Saturday, July 17, 2010

Week 4: Issues & Plans

In one of the training sessions I’ve attended, our trainer asked us “What will you feel when a student asks you a question you don’t know?” All of us didn’t answer this question, but instead we jumped to the next question before he asked it. This question was “What will you do when a student asks you a question you don’t know?” The answer of the first question can be “I feel furious.” The answer of the second question is that “I pretend to be calm.”

I remember this situation when I read the second task of our project. That’s to write about some issues which technology might help with. Every time I write about a certain issue that I face in my teaching, I find technology precedes that issue. But, I tried very hard to forget about it in this week and write just some questions that can be signs for integrating technology as a solution.

Through reading my colleagues’ posts, I’ve found that we have common issues and problems even we live far from each other. The problem is the problem everywhere. Among these issues that all of us face in our teaching are the lack of materials and plagiarism as Liliya mentioned. Another issue is how to motivate students intrinsically to learn and mater all skills of English language as Juliet & Camelia pointed out. Stephen also mentioned many issues either related to teachers (e.g., tracking students’ progress, communication with parents & lack of continuity form one day to the next) or students (e.g., lack of time for writing, group discussion communication & difficulty to express their wants, needs … etc easily). For me, I mentioned some of the issues that need some sort of change, e.g., planning lessons, tracking students’ progress by portfolio, motivation of students, difficulty of writing & pronunciation correction.

I’m sure if we think about integrating technology in our teaching, all of these issues and problems will be on the way of solution.

These words lead us to the idea of designing technology-enhanced lesson plans as a step towards making considerable change in all aspects of our job. To be honest, I spent more time and effort accomplishing this task. And at the end, I haven’t found a huge difference between the traditional lesson plan and that plan integrated technology. As Krajka (2000) mentioned in his article it adds a flavor to teaching, but what a flavor? I never forget my training sessions as a trainer. I downloaded wonderful materials and prepared valuable websites to use during the session. In addition to many PowerPoint files to make information more interesting. I do this all the time with my trainees. I never forget their faces smiling and involving in the tasks from the very beginning to the end. However, we should prepare plan “B” as an alternative if this technology became an enemy not a friend.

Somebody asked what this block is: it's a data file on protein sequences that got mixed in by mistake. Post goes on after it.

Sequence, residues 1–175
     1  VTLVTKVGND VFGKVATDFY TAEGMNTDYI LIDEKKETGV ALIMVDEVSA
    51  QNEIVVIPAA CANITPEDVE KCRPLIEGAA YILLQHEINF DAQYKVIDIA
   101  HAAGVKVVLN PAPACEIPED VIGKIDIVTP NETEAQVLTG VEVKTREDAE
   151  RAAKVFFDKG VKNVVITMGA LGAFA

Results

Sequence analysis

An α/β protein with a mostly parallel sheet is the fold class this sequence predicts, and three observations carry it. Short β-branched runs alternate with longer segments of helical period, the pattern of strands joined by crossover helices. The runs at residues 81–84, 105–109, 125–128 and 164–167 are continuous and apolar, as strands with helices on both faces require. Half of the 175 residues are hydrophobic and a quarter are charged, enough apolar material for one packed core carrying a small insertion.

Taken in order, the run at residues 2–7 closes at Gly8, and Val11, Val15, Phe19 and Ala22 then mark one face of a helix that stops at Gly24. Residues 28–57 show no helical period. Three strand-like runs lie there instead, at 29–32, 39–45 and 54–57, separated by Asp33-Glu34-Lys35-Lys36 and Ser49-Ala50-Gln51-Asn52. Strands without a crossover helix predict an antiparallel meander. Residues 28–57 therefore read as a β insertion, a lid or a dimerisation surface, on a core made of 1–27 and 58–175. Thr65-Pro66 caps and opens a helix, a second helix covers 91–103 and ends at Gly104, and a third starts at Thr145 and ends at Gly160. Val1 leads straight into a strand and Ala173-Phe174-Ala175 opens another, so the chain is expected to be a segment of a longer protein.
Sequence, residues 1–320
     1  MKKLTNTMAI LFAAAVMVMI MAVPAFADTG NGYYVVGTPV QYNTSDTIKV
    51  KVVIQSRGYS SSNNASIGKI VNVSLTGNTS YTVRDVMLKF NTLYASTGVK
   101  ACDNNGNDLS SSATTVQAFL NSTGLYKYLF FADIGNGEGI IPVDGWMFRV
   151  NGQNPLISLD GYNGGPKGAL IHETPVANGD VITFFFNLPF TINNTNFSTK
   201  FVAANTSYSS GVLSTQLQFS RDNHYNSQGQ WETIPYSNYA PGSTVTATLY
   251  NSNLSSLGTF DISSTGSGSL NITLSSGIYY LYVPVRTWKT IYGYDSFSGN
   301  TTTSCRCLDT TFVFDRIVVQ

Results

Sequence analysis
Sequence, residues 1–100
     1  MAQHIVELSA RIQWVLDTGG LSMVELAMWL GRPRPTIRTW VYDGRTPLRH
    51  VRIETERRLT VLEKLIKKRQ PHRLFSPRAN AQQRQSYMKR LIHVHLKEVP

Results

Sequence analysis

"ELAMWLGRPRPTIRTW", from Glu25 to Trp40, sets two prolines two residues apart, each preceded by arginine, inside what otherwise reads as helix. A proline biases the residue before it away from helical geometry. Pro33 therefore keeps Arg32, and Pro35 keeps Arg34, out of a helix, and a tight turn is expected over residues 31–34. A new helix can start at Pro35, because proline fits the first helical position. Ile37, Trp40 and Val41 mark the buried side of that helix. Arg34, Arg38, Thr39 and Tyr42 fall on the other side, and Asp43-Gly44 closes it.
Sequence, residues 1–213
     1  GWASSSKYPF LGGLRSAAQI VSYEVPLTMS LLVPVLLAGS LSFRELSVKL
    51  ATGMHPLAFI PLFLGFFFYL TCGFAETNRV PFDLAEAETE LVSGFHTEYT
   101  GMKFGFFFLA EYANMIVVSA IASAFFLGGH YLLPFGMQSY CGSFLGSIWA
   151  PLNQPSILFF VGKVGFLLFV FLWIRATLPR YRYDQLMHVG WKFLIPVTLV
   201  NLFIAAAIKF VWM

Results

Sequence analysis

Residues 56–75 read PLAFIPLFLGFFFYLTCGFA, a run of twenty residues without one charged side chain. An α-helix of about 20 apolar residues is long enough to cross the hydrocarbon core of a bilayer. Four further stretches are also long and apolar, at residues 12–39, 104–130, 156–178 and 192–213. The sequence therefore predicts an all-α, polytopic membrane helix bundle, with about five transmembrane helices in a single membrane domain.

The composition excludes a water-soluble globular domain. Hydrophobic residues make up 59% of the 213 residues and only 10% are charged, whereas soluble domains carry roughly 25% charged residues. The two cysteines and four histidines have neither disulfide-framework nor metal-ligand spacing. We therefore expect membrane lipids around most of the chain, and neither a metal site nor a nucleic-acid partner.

1. Azhar,

    I enjoyed reading your reflective comments regarding week 4 of our course. I too find it interesting that despite our geographical distribution around the globe, we share many of the same issues and problems in our classrooms. When I first returned to Canada after teaching in Taiwan I gave this observation of some considerable thought. Although my teaching position in Taiwan was very different from my teaching position in Canada, I faced similar challenges in both. The realization was that regardless of where I find myself, students are students. They may differ significantly in the way they look, where they are from, how old they are, or what they know, but deep down they are fundamentally the same. Thus, regardless of where I find myself, I realize that teaching is teaching.


  2. Thanks to you and all of our classmates I found out that we share quite a lot similar problems, issues, and thoughts. Integrating technology into our classroom might be the solution. As Stephen said, students will always be students. Teaching is teaching.

  3. Thanks for visiting my blog and delicious page. You said you liked the link about songs. I am a fan of using songs in the classroom. As you may know I teach Social Studies (World History) and love to use songs to teach. Here are some songs you might find interesting when dealing with certain issues: Eagles,"The Last Resort": Immigration, Treatment of Native Americans; Dire Straits, "Telegraph Road": Industrialization; Peter Gabriel, "Biko": about the death of anti apartheid activist Stephen Biko in 1977 by the South African police; and Kansas, "America": lots of US History references.